George Lindley, PhD, AuD

The release of the Amigo product line by Oticon Inc, Somerset, NJ, marks the beginning of a new era in FM instrumentation. In addition to features providing enhanced durability, convenience, and compatibility, the Amigo system also takes advantage of advanced signal processing previously seen only in hearing instruments. With an entire family of dedicated and universal receivers, many hearing aid users can access the benefits this technology provides.

The R12 FM receiver is the newest addition to the Amigo family. This receiver is the first designed to work off a size 312 battery and is already compatible with five mini behind-the-ear hearing instruments from Oticon (Epoq XW, Epoq W, Epoq V, Vigo Pro, and Vigo). The receiver integrates with the hearing instrument by sliding onto the battery door; no additional boot is needed. The result is a small, sleek, more child-friendly design that combines FM compatibility with a high level of hearing aid technology (see Figure 1).


The R12 receiver is compatible with Oticon’s family of transmitters (see Figure 2, page 38) as well as transmitters from most other manufacturers. When used with another manufacturer’s transmitter, receiver features such as the LED light and the channel-seek button continue to function. Like all Amigo devices, the R12 was developed with an open systems approach to offer compatibility with devices from multiple manufacturers.

For guidance on compatibility when using the Amigo system with other manufacturers’ hearing aids, visit the compatibility Web site at

In Figure 3, for example, the pink curve shows the response of an Epoq XW BTE with an R12 receiver and an Amigo T20 transmitter. The green curve shows the response from the same hearing aid when using a Phonak Campus S transmitter.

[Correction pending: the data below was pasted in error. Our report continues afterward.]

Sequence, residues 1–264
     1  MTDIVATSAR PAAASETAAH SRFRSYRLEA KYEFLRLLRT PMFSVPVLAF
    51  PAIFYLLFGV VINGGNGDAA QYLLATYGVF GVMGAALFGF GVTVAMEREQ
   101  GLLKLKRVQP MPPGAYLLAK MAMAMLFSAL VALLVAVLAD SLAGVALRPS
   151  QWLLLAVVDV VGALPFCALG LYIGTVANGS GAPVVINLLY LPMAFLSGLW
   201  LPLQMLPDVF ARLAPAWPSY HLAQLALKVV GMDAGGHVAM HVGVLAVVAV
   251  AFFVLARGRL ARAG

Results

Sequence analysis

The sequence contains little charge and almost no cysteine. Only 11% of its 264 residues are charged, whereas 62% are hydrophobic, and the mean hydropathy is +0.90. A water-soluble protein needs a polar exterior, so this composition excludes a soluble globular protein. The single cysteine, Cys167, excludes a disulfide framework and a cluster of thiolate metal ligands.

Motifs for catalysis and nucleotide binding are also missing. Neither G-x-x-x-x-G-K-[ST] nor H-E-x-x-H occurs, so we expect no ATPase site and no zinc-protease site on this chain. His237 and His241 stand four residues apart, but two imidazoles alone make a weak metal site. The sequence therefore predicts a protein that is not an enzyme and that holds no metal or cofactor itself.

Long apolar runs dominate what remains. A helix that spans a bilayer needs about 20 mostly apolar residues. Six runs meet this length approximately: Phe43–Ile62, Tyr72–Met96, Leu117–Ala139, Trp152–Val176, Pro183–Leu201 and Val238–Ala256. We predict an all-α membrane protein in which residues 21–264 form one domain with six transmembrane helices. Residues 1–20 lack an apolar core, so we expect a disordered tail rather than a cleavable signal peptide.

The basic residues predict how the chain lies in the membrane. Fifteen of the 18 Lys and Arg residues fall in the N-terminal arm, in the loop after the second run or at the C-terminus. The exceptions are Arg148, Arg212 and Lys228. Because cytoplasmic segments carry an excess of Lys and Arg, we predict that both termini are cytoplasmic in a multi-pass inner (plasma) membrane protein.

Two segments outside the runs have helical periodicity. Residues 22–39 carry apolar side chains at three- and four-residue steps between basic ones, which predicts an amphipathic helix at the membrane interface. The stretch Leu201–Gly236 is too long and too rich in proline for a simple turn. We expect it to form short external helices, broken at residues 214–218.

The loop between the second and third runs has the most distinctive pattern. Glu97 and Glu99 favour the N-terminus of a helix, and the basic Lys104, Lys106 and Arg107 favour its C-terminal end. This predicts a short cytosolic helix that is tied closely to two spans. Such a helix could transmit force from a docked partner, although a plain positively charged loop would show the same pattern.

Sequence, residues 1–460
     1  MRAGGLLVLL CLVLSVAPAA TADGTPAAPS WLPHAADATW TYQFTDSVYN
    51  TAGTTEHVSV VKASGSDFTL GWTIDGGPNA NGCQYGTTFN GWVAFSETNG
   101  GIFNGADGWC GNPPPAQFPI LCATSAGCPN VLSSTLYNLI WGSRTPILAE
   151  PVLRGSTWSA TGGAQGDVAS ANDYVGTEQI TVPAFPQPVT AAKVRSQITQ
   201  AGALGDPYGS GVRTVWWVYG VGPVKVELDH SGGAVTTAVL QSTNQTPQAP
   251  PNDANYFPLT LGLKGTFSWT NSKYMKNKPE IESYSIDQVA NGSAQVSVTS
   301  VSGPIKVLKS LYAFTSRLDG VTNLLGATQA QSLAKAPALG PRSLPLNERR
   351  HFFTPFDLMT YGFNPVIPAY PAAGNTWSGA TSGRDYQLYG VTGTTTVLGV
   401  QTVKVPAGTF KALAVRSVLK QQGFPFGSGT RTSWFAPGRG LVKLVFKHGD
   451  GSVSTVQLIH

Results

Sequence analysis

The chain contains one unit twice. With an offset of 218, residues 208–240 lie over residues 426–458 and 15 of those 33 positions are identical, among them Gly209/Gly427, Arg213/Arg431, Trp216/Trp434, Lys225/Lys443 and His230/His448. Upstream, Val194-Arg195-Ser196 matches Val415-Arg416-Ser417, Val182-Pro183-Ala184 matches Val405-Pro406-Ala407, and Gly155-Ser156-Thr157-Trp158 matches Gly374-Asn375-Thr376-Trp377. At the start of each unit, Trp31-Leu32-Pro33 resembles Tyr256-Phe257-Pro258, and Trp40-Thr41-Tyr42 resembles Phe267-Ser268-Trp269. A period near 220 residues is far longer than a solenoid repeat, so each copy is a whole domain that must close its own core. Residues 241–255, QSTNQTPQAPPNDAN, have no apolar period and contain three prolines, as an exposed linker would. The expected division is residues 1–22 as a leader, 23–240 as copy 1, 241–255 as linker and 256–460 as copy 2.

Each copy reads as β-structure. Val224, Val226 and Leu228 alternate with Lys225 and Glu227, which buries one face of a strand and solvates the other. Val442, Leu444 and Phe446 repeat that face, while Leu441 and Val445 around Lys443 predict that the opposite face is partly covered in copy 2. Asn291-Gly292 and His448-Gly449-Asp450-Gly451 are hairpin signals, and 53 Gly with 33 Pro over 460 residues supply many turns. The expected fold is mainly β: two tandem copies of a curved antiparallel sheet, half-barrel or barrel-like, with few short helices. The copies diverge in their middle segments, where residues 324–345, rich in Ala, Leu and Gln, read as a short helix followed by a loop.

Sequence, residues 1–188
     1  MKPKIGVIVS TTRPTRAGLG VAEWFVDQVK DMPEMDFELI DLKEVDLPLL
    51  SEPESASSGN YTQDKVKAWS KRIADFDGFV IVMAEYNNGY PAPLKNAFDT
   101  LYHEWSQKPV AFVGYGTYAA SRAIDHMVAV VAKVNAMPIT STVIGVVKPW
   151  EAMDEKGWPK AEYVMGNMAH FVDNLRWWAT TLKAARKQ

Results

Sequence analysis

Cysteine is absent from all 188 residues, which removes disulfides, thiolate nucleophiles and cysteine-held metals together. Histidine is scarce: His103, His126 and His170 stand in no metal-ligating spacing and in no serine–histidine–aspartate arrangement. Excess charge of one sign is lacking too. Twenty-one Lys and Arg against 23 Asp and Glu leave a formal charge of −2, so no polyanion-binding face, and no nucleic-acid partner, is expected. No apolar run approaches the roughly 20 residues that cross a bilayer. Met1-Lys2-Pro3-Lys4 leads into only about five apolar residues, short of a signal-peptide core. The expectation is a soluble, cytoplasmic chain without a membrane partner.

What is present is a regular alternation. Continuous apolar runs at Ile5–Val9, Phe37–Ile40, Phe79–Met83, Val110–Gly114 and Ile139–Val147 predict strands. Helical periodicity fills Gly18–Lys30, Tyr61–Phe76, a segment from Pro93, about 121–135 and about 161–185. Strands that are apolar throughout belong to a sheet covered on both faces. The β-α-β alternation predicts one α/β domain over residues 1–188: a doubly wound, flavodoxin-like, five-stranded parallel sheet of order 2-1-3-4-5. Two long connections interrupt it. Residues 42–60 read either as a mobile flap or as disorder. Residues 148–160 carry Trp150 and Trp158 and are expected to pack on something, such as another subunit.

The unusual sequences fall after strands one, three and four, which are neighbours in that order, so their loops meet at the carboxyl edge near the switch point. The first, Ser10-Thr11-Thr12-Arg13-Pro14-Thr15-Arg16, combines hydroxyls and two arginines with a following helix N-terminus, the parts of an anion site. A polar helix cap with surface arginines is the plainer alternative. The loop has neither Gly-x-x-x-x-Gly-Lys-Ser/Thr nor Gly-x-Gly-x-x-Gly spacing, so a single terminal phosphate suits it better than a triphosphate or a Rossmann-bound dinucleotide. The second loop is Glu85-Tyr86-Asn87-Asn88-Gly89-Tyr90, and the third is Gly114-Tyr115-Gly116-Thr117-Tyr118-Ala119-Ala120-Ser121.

The R12 receiver employs several mechanisms for ensuring acceptable battery life. During activities in which an FM signal is not being transmitted (eg, lunch, walking between classes), the child does not have to remember to turn off the FM receiver. When an FM signal is not picked up for 7 seconds, the R12 receiver enters a sleep mode and program one in the hearing aid is enabled. While in sleep mode, the receiver searches for an FM signal every 5 seconds. Once an FM signal is again picked up, the receiver is turned on and normal FM functioning restored.

Figure 1. The Amigo R12 receiver with LED indicator.

Further, if the FM transmission is not resumed within 90 minutes, the receiver will turn itself off automatically, thereby saving even more battery power. In a typical school day, the receiver can be turned on once at the beginning of the day and the teacher can be assured that FM reception is enabled when needed, disabled when not needed. Functioning can be confirmed easily via inspection of the LED light that blinks in the R12 receiver as an additional battery conservation measure.

These features and others allow the R12 receiver to function off a 312 battery while providing acceptable battery life. Assuming a typical 8-day battery life (full-time use, no FM), a user can expect to get on average 5 days of battery life when use of the FM receiver is added over 5 school days.

When the R12 receiver is used with the Amigo T20 or T21 transmitter, additional benefit is obtained from a set of unique processing strategies inherent in Amigo. These strategies are implemented in the transmitter, therefore users of non-Amigo receivers can also benefit. The Dynamic Range Optimization feature, for example, is active whenever the speaker’s voice drops too far below or goes too far above 74 dB SPL. A slow-acting compression scheme with a low compression ratio is used to move the speaker’s voice level closer to 74 dB SPL (see Figure 4, below right).

Figure 2. The Amigo family of transmitters.

This feature is especially useful for soft-spoken speakers and can help reduce the impact of a less than ideal microphone placement. The compression settings employed do not impact the natural relationships among phonemes in the speech signal; rather, the effect is analogous to subtly raising and lowering overall volume.